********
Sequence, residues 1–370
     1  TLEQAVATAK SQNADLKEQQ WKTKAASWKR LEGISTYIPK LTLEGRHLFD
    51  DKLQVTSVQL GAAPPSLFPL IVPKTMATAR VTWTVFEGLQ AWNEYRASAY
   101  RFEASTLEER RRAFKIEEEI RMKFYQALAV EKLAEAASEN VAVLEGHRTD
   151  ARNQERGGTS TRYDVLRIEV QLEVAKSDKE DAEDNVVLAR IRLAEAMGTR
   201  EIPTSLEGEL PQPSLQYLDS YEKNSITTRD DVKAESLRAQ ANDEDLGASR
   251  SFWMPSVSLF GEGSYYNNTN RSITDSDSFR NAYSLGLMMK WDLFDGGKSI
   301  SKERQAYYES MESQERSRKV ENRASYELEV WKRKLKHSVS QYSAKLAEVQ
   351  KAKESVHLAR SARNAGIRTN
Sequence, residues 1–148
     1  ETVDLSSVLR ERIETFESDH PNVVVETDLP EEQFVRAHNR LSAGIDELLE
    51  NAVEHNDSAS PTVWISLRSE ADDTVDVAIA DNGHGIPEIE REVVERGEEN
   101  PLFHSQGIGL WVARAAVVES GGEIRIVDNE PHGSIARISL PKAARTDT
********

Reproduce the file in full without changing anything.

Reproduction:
Sequence, residues 1–370
     1  TLEQAVATAK SQNADLKEQQ WKTKAASWKR LEGISTYIPK LTLEGRHLFD
    51  DKLQVTSVQL GAAPPSLFPL IVPKTMATAR VTWTVFEGLQ AWNEYRASAY
   101  RFEASTLEER RRAFKIEEEI RMKFYQALAV EKLAEAASEN VAVLEGHRTD
   151  ARNQERGGTS TRYDVLRIEV QLEVAKSDKE DAEDNVVLAR IRLAEAMGTR
   201  EIPTSLEGEL PQPSLQYLDS YEKNSITTRD DVKAESLRAQ ANDEDLGASR
   251  SFWMPSVSLF GEGSYYNNTN RSITDSDSFR NAYSLGLMMK WDLFDGGKSI
   301  SKERQAYYES MESQERSRKV ENRASYELEV WKRKLKHSVS QYSAKLAEVQ
   351  KAKESVHLAR SARNAGIRTN
Sequence, residues 1–148
     1  ETVDLSSVLR ERIETFESDH PNVVVETDLP EEQFVRAHNR LSAGIDELLE
    51  NAVEHNDSAS PTVWISLRSE ADDTVDVAIA DNGHGIPEIE REVVERGEEN
   101  PLFHSQGIGL WVARAAVVES GGEIRIVDNE PHGSIARISL PKAARTDT